When you’re looking for a new pup, avoid pet stores and puppy mills. Rescues are a good option, and so are qualified, responsible breeders.
How do you find breeders and rescues? Your first line of inquiry might be the Internet. Do a Google search, but remember not to put too much stock in the hits you get back until you have vetted them in other ways.
Talk to friends and family about their experiences with breeders and rescues. Get on a neighborhood Facebook group and ask where people sourced their puppies and how they felt about the experience.
And of course, vet the breeders yourself as much as possible. Visit personally, if you can. Ask questions. Get medical information on the potential puppy’s parents.
Appropriate medical testing for the breed is very important.
If you are looking for a puppy of any breed, our Puppy Search guide has you covered, so check it out for advice on each step involved in the process.
Raising A Dutch Shepherd Puppy
Do you need information to help you raise a Dutch Shepherd puppy? If so, we have guides that will help you on your journey.
In these working dogs, which can look intimidating to some, you’ll want to curb any dominating tendencies. Try our guide on aggressive puppies.
You will also want to make sure your dog doesn’t jump up on anyone. We have a guide for that, too!
And if you’re looking for something else, you can browse our Puppy Training category for all the information you need.
Pros and Cons
First, let’s look at the cons:
- Dutch Shepherds are fairly energetic dogs with a touch of obstinacy in their natures.
- They require stimulation and like to work alongside humans.
- Exercise is a high priority, they need a place to run!
- High shepherding drives may be an issue with small children.
On the other hand, there are some definite pros!
- These dogs are smart and loyal.
- They are generally pretty healthy, and they make good companions for active families.
- Dutch Shepherds have drive and endurance and can be used for different tasks, such as guarding and protection.
Breeds that are like the Dutch Shepherd include the German Shepherd, the Belgian Shepherd, and the Belgian Malinois.
All these breeds are similar in size and appearance, and they have similar herding backgrounds. They hail from similar locations in Northern Europe.
To make them more distinctive from one another, breeders called the brindled ones Dutch Shepherds.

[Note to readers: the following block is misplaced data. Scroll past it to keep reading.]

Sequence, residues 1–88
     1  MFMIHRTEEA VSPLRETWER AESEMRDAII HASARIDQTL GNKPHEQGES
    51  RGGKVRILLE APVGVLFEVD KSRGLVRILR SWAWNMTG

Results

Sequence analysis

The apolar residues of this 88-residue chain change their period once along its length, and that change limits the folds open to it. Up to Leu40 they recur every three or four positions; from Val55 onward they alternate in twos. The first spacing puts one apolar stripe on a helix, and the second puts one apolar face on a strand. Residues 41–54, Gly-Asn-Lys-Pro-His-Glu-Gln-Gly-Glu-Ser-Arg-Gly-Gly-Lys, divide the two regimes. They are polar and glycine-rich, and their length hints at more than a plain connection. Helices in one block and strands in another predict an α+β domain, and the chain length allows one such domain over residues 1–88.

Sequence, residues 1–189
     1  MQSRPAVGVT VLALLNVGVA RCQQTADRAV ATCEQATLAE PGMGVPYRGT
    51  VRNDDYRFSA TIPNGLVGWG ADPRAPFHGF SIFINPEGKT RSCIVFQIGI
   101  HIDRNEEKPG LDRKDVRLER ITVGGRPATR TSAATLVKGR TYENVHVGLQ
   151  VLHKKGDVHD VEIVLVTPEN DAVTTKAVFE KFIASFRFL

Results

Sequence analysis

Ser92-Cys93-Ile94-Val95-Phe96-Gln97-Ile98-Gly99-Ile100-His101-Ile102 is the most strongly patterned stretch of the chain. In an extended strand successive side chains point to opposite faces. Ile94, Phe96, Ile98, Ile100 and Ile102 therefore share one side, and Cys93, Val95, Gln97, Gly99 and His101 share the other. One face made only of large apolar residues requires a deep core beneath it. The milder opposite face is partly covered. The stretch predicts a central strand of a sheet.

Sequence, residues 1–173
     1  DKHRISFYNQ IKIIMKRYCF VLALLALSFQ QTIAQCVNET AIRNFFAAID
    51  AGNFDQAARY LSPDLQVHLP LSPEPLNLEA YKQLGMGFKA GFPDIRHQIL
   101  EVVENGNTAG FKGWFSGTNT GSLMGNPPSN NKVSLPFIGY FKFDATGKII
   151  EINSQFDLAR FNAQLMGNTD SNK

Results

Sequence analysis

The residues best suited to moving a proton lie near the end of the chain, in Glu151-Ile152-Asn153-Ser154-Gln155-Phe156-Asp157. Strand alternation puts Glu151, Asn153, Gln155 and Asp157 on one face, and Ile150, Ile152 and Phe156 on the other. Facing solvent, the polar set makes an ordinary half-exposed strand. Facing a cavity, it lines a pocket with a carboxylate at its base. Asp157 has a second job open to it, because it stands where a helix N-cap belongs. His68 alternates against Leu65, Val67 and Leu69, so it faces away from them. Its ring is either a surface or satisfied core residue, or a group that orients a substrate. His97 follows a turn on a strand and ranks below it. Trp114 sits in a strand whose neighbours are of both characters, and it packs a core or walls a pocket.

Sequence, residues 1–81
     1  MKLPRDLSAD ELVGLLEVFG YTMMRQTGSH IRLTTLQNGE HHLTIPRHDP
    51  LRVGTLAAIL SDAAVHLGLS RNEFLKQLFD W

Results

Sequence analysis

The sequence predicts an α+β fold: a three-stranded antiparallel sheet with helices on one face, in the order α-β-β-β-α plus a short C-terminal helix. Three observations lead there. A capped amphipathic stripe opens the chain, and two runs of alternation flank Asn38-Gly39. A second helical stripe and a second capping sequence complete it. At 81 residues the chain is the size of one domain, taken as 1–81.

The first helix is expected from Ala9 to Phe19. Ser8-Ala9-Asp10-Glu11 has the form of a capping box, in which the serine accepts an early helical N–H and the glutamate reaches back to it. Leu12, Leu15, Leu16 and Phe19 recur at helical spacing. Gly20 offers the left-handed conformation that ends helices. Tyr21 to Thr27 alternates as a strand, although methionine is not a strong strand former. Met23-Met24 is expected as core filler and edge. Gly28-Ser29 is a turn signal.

However, they have since diverged a bit genetically, so if you’re looking for a similar type of dog make sure to do your research on what you want.
Another European Shepherd breed you might want to take a look at is the Russian Bear Dog!
Dutch Shepherd Rescues
Breed-specific rescues do exist!
You may also want to look at Belgian Malinois and German Shepherd rescues, too. Some rescues take in all similar Shepherd breeds and mixes.
If you’re looking for one, start here:
You can also sometimes find Dutch Shepherds in regular shelters and rescues.
Is A Dutch Shepherd Right For Me?
Only you can decide if any dog is right for your home, family, and lifestyle.
These are medium-to-large dogs with high activity requirements, so you’ll probably need a fenced-in-yard to do justice to their need to romp.
Dutch Shepherds may do better in households that have a bit of experience with dogs. They are generally healthy and independent dogs.
If you think you can handle a Dutch Shepherd, and have fallen in love with those ears as we have, you might consider this for your next pet! Be sure to let us know in the comments below.
References and Resources
- Dutch Sheepdog Club, The Dutch Shepherd
- American Dutch Shepherd Association, Inc. Exercise and Grooming
- Lavrijsen, I. C. M. et al (2014). Prevalence and co-occurrence of hip dysplasia and elbow dysplasia in Dutch pure-bred dogs. Preventative Veterinary Medicine, 114(2)
- American Kennel Club, Dutch Shepherd
- Lubbes, D. et al (2009). Incidentie van maagcarcinomen bij de Nederlandse Tervuerense herders geboren tussen 1991 en 2002. Tidjsh Diergeneeskd
- American Dutch Shepherd Association, Inc., Health.